Time and time again, people question how can we pay athletes such massive amounts of money to play a game? Billie Beane and Peter Brand worked out a system that worked to their pathetic budget for the Oakland Athletics. They didn’t have to pay the athletes stupid amounts of money because they couldn’t.  Let’s start with what I know:  I know a little baseball and I have heard of “Moneyball”, the book by Michael Lewis. No, I’ve never read it. Do I plan on reading it now? Yes, yes I do.

It’s still a bizarre concept to me because baseball statistics still bewilder me and that’s okay. I got the main idea of what Beane and Brand, both brilliant men, were trying to do.

“Moneyball” as the movie, and not what the Oakland Athletics overall strategic accomplishment, was well done starting with  the writing by Aaron Sorkin. Once again like “The Social Network”, Sorkin has a way with making the complicated, simplified.

Besides the writing, the acting was better than I thought it was going to be. I didn’t expect Jonah Hill, normally a comedian, to come off so well as Peter Brand, an economist from Yale. I also didn’t expect Brad Pitt and Jonah Hill to work so well as a team. Pitt and Hill had chemistry as Beane and Brand. I think that’s what made the movie work. If you didn’t have this combo, the movie might have fallen a little flat.  Even Phillip Seymour Hoffman who is not my favorite actor, always pulls through in who he was portraying. My Dad said he played a pretty good Art Howe.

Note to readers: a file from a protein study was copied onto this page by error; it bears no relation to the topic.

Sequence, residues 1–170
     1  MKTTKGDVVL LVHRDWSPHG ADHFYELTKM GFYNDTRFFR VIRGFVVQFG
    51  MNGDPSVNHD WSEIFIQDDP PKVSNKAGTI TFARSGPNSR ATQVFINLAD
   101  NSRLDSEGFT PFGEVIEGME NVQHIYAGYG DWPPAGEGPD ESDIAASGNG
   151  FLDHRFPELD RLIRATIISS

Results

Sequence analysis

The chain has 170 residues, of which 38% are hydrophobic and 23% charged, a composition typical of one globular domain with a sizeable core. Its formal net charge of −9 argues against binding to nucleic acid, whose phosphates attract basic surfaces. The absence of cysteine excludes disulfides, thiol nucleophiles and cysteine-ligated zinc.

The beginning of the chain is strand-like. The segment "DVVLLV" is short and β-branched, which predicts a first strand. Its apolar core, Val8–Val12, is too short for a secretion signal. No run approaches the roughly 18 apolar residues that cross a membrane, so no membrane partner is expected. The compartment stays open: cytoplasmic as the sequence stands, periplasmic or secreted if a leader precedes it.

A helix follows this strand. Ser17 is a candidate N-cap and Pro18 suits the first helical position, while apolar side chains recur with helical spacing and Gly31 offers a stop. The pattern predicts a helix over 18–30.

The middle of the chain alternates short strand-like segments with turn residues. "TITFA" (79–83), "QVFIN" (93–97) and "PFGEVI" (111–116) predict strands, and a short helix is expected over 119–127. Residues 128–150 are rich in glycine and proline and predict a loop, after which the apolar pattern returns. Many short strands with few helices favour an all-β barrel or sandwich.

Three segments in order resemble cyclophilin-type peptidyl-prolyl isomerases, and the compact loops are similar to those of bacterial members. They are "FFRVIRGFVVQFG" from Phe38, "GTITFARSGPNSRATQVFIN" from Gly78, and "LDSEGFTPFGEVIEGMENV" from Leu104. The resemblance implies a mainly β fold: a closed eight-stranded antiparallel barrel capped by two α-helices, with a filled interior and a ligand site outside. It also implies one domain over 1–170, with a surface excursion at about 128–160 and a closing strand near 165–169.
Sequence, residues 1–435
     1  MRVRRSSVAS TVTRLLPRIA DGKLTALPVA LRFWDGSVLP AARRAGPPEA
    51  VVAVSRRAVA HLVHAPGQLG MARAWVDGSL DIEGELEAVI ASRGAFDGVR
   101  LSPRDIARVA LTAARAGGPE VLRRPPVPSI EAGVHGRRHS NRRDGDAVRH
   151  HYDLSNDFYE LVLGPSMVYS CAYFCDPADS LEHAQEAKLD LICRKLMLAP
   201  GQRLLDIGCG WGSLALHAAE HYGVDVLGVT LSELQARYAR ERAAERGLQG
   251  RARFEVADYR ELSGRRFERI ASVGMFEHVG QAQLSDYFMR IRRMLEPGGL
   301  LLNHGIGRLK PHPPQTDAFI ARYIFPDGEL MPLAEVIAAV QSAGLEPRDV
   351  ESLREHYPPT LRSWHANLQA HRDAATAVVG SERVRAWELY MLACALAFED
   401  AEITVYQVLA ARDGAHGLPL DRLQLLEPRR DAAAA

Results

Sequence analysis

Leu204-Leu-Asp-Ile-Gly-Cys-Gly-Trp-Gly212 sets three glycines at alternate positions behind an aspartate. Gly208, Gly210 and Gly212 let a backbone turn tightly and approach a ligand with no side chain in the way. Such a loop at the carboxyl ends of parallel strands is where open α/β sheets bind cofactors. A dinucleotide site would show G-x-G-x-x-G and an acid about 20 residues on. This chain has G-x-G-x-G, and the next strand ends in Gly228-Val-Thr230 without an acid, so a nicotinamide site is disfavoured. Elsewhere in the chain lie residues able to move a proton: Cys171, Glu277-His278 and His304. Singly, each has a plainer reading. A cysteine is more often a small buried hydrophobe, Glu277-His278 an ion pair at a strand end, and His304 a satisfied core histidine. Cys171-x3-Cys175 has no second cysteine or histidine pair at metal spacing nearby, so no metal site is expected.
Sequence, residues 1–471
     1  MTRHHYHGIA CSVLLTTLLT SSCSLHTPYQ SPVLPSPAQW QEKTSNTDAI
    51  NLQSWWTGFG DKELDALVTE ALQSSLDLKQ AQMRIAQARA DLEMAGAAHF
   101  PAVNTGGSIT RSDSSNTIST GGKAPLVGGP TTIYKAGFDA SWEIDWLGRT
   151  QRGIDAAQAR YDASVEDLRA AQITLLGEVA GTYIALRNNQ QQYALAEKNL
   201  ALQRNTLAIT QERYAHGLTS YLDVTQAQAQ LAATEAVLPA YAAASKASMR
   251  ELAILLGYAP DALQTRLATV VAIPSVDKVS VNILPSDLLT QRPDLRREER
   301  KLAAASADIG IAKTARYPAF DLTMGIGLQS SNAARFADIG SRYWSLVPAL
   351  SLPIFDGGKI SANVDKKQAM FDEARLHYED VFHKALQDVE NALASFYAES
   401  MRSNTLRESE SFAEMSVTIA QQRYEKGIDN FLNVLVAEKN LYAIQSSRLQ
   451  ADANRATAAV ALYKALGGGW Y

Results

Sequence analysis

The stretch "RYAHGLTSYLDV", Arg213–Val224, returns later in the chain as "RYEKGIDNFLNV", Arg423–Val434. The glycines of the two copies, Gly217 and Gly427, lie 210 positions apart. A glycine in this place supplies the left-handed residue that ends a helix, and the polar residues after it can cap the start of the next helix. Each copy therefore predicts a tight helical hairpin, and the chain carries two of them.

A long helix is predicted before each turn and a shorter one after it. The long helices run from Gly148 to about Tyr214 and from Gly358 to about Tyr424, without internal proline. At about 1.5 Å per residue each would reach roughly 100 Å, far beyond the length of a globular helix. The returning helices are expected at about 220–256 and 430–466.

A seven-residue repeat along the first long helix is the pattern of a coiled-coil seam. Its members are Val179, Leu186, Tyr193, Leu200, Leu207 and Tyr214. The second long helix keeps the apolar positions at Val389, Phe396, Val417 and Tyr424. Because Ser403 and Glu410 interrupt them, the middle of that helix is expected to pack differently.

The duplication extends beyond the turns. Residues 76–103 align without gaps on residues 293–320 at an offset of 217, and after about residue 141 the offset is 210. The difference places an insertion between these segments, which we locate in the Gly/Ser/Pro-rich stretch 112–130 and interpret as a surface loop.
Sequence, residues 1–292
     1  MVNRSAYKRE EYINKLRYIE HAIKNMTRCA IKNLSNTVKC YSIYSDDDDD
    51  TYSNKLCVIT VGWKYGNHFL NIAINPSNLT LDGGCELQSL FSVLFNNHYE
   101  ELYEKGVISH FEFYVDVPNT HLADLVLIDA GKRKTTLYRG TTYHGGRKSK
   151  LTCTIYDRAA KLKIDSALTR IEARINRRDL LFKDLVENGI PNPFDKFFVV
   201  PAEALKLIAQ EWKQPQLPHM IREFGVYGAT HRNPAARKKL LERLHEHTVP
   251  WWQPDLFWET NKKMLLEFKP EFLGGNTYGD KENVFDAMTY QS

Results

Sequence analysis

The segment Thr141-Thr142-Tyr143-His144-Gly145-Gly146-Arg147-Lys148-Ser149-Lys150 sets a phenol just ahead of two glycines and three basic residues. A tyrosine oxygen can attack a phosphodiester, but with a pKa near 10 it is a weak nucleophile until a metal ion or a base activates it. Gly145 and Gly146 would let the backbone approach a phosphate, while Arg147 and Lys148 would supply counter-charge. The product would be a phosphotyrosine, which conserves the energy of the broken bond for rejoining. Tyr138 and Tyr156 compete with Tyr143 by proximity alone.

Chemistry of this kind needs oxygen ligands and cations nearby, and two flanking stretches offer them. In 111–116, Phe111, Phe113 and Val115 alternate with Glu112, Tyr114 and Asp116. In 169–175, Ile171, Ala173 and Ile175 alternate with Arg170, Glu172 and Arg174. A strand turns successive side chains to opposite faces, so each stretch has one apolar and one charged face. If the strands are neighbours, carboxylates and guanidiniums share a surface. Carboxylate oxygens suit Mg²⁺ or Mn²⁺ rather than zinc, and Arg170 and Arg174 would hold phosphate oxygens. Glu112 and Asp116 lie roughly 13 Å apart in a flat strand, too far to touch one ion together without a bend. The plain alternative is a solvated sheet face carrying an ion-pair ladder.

So you have a well written script, good choice in casting and the last part that I thought made this movie an enjoyable movie was the editing of stock footage of the Oakland A’s real games with the movie shots. I even thought mixing all the statistic computer shots worked really well.

If you had to guess, what Oscar nominated movie did I enjoy more today, “Tinker Tailor Solder Spy” or “Moneyball”, you would assume it’s “Moneyball”. You are a correct, but once again… it’s not because of Brad Pitt. Well, okay a little bit… It was also because it was a good enjoyable movie where I even learned a couple things.

Any baseball fans, really love this movie? Do any of you guys, really hate it? Let me know!

Oscar Nominations:

  1. Best Picture
  2. Best Actor in a Leading Role: Brad Pitt
  3. Best Actor in a Supporting Role: Jonah Hill
  4. Best Film Editing
  5. Best Writing (Adapted Screenplay)

By the numbers: The 9 Oscar movies and their nominations



This year’s Oscar nominees that came out this morning gave me a mixed reaction. Most of them didn’t surprise me, but I also was’t really enthused by them. On a sad note: I was sad to see that Ryan Gosling was not nominated for anything and that “Harry Potter” couldn’t get a best picture nod. Anyway, below are the nine best picture nominees with how many other nominations they got.The numbers may surprise you.